>> one thing it does, poppy, it highlights the difficult position that pompeo is in as director of cia. any director of the cia has to maintain a close relationship with the president. he has to maintain the president's ear, if he doesn't he really loses a lot in his ability to impact things and his ability to forward the information. even if he didn't want to meet with this benny character, and apparently he has the president saying i would like you to, and unless he wants to sacrifice his power as director of cia, his ability to convey good intelligence in the future, he has to do that. that's a difficult position for any cia director to be in, frankly. >> what message does it send, though, to those in the intelligence service that mike pompeo, the director, is meeting with the guy that says it was not the russians when all of their analyses, the reports put out says they do think it's the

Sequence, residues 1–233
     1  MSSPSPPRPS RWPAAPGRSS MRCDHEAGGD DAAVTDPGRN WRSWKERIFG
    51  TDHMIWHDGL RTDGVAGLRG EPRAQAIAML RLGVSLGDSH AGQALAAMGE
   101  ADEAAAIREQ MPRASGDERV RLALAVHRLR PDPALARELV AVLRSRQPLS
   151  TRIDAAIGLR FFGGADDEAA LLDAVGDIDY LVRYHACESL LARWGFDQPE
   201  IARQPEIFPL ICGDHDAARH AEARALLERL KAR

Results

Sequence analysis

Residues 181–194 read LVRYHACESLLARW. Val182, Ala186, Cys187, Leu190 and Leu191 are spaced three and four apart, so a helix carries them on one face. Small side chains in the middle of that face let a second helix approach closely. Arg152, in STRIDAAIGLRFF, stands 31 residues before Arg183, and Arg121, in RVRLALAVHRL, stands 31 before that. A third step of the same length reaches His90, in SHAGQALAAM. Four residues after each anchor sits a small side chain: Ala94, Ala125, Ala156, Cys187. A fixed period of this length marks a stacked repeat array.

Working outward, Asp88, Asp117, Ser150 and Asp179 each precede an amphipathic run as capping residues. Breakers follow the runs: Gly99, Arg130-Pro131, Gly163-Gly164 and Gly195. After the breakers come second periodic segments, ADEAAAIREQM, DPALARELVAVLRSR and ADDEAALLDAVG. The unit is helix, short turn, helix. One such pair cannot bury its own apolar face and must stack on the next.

russians. what do the rank and file think? >> i can tell you, the analysts that we have at cia and across the intelligence community, a specific concentration of them at the cia are incredibly professional and there's a lot of them that committed pretty much their entire careers to things like russia, and russia cyber and so forth. i don't think those people are threatened by the fact that the director of the cia at the president's request had to meet with this fringe guy. i don't think that's a big impact on them. but just the comparison between those two sources of information. you have got these -- again, an incredible depth of information and intelligence prowess and expertise in the analysts, and then you have a fringe guy, and i think it speaks more of what the president is trying to get through than what the cia is producing. >> our reporting is not that pompeo said thank you for your